Tanzu Observability by Wavefront Spring Boot Starter

Engineering | Stéphane Nicoll | May 07, 2020 | ...

Spring Boot has a great observability story. With the Actuator, we auto-configure Micrometer, an application metrics facade that supports numerous monitoring systems. With a few properties, you can start emitting a wide range of metrics out-of-the-box to your favorite monitoring system. And if you need to use distributed tracing, Spring Cloud Sleuth gets you covered.

Tanzu Observability for Wavefront (formerly Wavefront) delivers scalable observability as a service where Spring developers can build analytics-driven dashboards based on multi-sourced data including metrics, traces, histograms, and span logs.

The Spring team has been working side-by-side with the Tanzu Observability team on a starter for a quick and easy way to get started. The starter also auto-provisions a free, Tanzu Observability account if you don’t already have one . The Tanzu blog has an introduction to using Wavefront with Spring and a technical deep-dive. You can also check out the documentation.

Wavefront Dashboard

You can try out this platform by creating a new project on https://start.spring.io: select your favorite build tool, Spring Boot 2.3 and add at least the wavefront entry. You may want to select a web stack although this is not mandatory in any way.

Before starting the application, we want to make sure to identify its data later in the Tanzu Observability dashboard. Open application.properties and add the following:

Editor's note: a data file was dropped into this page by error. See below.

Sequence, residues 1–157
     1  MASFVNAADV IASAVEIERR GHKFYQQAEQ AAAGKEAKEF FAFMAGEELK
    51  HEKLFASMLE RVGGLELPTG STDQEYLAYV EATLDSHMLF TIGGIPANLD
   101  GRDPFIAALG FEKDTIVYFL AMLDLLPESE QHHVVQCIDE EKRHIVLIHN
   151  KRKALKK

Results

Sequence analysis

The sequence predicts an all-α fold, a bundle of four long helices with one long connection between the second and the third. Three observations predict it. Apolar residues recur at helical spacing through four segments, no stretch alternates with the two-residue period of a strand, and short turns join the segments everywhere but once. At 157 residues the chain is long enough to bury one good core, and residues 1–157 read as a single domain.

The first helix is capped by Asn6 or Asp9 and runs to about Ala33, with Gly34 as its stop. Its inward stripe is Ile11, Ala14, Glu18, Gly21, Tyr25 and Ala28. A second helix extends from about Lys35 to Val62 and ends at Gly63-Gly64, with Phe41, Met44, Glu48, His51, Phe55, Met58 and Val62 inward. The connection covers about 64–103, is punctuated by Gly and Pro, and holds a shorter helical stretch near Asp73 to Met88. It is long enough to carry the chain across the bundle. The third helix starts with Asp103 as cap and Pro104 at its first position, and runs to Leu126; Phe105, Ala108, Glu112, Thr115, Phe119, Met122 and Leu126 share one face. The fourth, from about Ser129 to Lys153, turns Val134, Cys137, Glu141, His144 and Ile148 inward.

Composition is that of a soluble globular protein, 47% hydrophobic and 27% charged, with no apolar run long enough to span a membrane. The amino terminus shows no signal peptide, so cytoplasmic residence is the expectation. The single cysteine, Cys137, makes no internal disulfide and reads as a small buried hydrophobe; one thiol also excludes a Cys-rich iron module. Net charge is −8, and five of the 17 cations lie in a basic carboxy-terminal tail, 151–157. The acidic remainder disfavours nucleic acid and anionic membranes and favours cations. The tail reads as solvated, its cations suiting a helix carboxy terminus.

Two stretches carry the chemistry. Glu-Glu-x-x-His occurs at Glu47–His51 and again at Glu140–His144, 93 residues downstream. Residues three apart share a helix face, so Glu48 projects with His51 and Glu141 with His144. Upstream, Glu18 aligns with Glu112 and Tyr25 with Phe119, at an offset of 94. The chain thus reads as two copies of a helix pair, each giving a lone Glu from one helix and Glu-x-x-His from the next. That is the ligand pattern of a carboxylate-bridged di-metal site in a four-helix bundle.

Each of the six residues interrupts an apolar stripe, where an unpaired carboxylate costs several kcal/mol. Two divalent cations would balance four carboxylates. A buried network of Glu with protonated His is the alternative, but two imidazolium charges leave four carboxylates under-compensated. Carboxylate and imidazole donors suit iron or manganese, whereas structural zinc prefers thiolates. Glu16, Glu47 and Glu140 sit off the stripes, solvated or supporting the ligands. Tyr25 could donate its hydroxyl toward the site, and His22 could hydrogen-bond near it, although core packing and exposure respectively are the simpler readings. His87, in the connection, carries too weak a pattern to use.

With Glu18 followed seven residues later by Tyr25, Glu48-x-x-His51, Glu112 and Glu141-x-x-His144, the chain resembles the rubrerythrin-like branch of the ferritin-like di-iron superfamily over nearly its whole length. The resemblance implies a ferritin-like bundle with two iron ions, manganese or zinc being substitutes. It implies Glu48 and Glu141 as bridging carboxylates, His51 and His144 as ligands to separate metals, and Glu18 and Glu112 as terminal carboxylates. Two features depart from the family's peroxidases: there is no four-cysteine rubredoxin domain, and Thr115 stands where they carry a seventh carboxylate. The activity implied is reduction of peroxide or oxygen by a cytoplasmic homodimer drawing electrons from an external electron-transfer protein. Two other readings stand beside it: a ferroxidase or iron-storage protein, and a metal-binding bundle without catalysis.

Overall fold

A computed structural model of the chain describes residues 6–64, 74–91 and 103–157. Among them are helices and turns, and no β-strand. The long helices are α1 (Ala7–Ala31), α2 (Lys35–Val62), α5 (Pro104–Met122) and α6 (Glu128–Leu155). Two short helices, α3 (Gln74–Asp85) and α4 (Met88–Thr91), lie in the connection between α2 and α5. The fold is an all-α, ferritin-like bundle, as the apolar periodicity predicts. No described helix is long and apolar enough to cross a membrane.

If you start such an app for the first time, you should see something like this:

A Wavefront account has been provisioned successfully and the API token has been saved to disk.

To share this account, make sure the following is added to your configuration:


Connect to your Wavefront instance using this one-time use link:

An account has been auto-provisioned for you and the necessary configuration has been provided to the auto-configuration in your project. Your new api token has been saved in your home directory and will be reused automatically for any app that’s started on the same machine and user.

The single-use login URL is provided every time you start the application. If you don’t have access to the logs of your web application, you can expose the wavefront Actuator endpoint and head over /actuator/wavefront and you’ll be redirected to your Wavefront dashboard.

If you are interested in testing distributed tracing, adding Spring Cloud Sleuth (also available from start.spring.io) lets you emit traces automatically to Wavefront. You can find these in Application > Traces in your Wavefront dashboard. The Tanzu Observability platform supports other flavors of distributed tracing as well. To learn more about it, check out the documentation.

The Wavefront Spring Boot starter is in the release candidate phase and we’d love to hear from you. Head over https://start.spring.io, create a new project with Wavefront and Spring Boot 2.3 and let us know if you find any problem.

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